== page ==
According to the study, binding was a "daily occurrence" for its participants. Just over half of respondents bound their chests seven days a week, with people binding for an average of ten hours a day.
Despite the ubiquity of the practice, a staggering 97.2 percent of those surveyed reported at least one negative health outcome that they attributed to binding. Seventy-four percent reported pain-related concerns—the most common side effect was back pain (53.8 percent), followed by overheating (53.5 percent), chest pain (48.8 percent), shortness of breath (46.6 percent), and itching (44.9 percent). Fifty respondents even believed they had suffered from rib fractures as a result of binding.
Though binding is an everyday reality for many queer people, there remains a troubling lack of specific medical knowledge about the practice. The trans and non-binary individuals that I spoke to often relied on the advice of trans family members and friends, online communities for LGBTQ people, and tips gleaned from vloggers—one first learned of binding from the 1999 film Boys Don't Cry. None of them had ever approached a medical professional for advice on binding, even if they were in pain from binding.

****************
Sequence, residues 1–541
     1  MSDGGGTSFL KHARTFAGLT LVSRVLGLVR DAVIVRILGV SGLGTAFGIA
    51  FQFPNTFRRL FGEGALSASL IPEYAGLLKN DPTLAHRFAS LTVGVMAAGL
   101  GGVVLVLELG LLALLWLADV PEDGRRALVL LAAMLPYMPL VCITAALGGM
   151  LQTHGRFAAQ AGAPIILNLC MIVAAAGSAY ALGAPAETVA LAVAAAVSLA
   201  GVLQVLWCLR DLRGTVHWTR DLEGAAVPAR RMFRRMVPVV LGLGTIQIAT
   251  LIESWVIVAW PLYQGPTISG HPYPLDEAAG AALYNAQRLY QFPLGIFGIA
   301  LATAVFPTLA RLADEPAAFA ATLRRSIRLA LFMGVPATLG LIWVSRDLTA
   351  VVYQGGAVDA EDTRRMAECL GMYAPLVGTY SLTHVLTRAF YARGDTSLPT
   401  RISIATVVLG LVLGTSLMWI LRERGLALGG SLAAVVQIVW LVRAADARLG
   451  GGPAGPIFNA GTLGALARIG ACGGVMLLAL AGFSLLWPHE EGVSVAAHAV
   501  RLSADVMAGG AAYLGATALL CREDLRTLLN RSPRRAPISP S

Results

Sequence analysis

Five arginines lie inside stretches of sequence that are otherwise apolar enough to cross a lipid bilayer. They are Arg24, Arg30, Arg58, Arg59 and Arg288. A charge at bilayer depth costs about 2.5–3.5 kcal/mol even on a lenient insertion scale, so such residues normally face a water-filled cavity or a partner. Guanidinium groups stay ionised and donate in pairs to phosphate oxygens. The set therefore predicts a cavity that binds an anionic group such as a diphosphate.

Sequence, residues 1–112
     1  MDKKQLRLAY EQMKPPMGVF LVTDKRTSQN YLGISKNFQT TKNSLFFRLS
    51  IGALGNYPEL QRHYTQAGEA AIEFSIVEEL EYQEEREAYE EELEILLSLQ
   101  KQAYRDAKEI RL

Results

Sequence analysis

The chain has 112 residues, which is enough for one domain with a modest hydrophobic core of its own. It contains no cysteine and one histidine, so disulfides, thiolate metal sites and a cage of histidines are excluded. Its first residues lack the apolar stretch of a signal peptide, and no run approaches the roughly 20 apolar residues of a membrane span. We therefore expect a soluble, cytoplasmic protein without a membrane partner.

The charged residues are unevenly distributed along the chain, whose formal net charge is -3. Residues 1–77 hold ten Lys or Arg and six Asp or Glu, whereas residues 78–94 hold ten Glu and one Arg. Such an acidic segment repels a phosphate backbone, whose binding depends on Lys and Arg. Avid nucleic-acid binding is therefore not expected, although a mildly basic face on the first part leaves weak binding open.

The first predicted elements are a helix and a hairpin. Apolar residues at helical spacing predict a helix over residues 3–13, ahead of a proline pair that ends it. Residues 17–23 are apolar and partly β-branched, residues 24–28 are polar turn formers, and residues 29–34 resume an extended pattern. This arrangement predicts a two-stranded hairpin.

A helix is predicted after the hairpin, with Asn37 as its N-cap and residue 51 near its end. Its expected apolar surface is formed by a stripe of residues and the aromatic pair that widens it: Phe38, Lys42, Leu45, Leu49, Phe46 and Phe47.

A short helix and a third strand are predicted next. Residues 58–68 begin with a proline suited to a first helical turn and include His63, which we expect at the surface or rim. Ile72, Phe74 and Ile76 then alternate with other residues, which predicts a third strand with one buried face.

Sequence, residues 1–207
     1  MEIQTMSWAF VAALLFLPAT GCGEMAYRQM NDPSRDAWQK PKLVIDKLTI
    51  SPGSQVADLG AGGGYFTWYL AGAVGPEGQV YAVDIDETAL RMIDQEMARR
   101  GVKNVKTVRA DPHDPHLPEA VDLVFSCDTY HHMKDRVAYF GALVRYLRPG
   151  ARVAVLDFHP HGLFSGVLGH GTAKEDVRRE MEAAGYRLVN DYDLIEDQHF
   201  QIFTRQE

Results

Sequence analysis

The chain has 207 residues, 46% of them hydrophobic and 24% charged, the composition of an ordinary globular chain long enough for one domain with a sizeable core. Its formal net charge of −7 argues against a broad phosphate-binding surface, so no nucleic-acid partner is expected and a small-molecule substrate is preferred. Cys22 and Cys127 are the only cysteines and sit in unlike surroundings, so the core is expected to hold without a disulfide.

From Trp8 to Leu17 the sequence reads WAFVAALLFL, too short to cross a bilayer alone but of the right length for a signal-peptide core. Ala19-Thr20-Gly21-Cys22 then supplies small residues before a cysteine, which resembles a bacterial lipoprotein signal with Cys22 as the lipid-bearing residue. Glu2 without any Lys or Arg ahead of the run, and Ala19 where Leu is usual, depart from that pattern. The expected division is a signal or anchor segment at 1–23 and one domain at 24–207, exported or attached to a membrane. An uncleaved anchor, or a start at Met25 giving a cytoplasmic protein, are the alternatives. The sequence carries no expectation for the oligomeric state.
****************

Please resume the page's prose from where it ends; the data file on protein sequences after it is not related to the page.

"There would be a lot of time that I would get up at six in the morning for an early [work] shift, and then I would bind after the early shift and not go to bed until two in the morning," says Dylan, a custody officer assistant from Worcestershire who has been binding since he was a teenager. "So I would be bound [sic] for like 20 hours and, you know, you do get pains and you suffer from a really bad back."
He didn't take any painkillers for his back, and said that he didn't seek medical attention. "I ignored the pain," he continues. "Just pretended it wasn't there. The doctor is just going to tell me to stop doing what I'm doing that hurts me. I don't see the point."
Dylan's suspicions aren't far off the mark. "While we don't have numbers to support this, my impression is that awareness of binding is relatively low in the medical community, and even those medical professionals who know about binding aren't really sure how to assess it clinically, what the potential health impact of binding could be, and what safer binding practices they should recommend to patients," Peitzmeier says.
In the absence of professional medical advice, unofficial guidelines such as the "eight-hour rule" have sprung up, advising people to bind for a maximum of eight hours. Even then, many don't follow the informal guide.
"Most people don't follow the eight-hour rule," says Max, a 22-year-old Manchester cafe apprentice who has been binding for a year. "Let's be real, I sure don't. It's not like we have millions of options [of different binders] to choose from."
On one occasion, Max wore their binder to sleep when they hadn't had an opportunity to change out of it. "My ribs were aching for days... I mean, binding made some days bearable for me but in the end it just makes me feel like shit. I like how it flattens my chest but it is not good for me, long-term."